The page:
A Beautifully Typed Argument for Cursive Writing
Occasionally in the course of tutoring, I encounter a student whose handwriting is so utterly illegible that I immediately am convinced that he or she is destined to become an M.D. (Word processing has been a godsend for the medical profession!) Whether or not the student ultimately will practice medicine, however, is beside the point. Rather, there is immediate concern that the student is likely incapable of providing an easily legible answer on a test, in-class exercise, or examination paper.
In a similar vein, I see more students ‘printing’, or employing a self-styled, irregular ‘hybrid’ between printing and cursive writing, when asked to take notes or create something without a computer. Few realize that printing takes more strokes and is slower than a flowing longhand.
Equally beside the point would be a denunciation of the current approach by school systems towards teaching cursive writing. Any such criticism won’t solve my students’ problems. Demonstrating the positives associated with ‘pen and paper’, and working with my students, plus connecting them to quality resources (guides/exercises), are of definite advantage both in the short and long terms.
When questionable quality of handwriting is drawn to the attention of a student, often the short response is, “I’ll just use my laptop.” Such technology may be a convenient substitute and viewed as a virtual panacea, but in truth, it Is a tool, and not the solution.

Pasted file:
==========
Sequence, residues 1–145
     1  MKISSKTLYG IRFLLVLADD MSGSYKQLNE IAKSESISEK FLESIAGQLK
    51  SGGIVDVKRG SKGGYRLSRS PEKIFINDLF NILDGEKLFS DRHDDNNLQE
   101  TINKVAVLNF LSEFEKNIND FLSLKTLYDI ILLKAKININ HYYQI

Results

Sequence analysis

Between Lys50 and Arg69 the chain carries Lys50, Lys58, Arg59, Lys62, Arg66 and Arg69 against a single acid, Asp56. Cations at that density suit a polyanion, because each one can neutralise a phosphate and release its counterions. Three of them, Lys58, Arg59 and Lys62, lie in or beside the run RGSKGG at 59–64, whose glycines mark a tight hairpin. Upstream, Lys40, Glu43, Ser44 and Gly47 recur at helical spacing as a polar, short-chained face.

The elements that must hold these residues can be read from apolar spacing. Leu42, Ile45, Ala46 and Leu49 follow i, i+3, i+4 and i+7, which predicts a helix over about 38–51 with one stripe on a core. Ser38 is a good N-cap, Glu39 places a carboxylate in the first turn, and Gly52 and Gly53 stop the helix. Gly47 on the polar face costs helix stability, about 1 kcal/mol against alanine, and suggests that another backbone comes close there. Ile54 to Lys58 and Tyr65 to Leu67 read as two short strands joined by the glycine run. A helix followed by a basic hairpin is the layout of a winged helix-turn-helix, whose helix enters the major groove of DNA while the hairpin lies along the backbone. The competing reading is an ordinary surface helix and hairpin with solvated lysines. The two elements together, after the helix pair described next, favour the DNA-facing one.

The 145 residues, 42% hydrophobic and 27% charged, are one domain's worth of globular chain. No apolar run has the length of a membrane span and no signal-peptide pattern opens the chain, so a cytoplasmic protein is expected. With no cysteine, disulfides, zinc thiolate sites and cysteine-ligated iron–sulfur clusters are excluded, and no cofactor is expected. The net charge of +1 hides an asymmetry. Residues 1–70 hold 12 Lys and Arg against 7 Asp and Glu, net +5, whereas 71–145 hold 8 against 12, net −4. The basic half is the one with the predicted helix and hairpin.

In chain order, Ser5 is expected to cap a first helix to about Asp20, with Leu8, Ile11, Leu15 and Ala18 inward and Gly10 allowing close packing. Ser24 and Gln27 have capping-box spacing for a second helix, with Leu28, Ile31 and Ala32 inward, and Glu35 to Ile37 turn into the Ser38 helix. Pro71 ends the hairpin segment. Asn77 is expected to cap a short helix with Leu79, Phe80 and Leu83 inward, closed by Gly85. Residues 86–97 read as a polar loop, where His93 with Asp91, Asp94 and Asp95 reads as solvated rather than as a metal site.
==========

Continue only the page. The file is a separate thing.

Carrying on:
Why? Because taking notes with a laptop versus ‘writing them by hand’, leads to lower absorption of the material taught or lectured on. A 2013 Canadian study established that in a controlled student sampling, laptop users scored 17% lower than did those who recorded their notes by hand *. Besides the risk of distraction when using a laptop (eg. Internet, games, etc.), the student tends not to process (think about) the information, argument, and reasoning as deeply or effectively as occurs when handwriting notes in the first instance. Philosophy Professor Paul Thagard of the University of Waterloo saw the difference 7 years ago, and has banned laptops from lectures ever since.
There is clear need for legible longhand in many situations. I mention the words ‘power failure’ to my students and ‘written answers in class’, as a start, and there are moments when tapping on a smartphone (or lugging around a laptop) is not possible or productive. And there remains the pointed observation, “Well, if I can’t read this, how do you expect your teacher to?!”
My associates at Book Smart Tutors share a continuing concern about under emphasis of the need for our students to have legible handwriting, and we often take pains to exact necessary improvement. When our students are made aware of the advantages (and the downside of ‘illegibility’), they respond and ask for help, and we are there to assist.
* see also, ‘The Pen is Mightier Than the Keyboard’, (Mueller, Oppenheimer) Psychological Science, Vol. 25, Issue 6, June, 2014
(Robert MacFarlane is a graduate of Princeton University, and he has tutored in English and related subjects with Book Smart Tutors for several years.)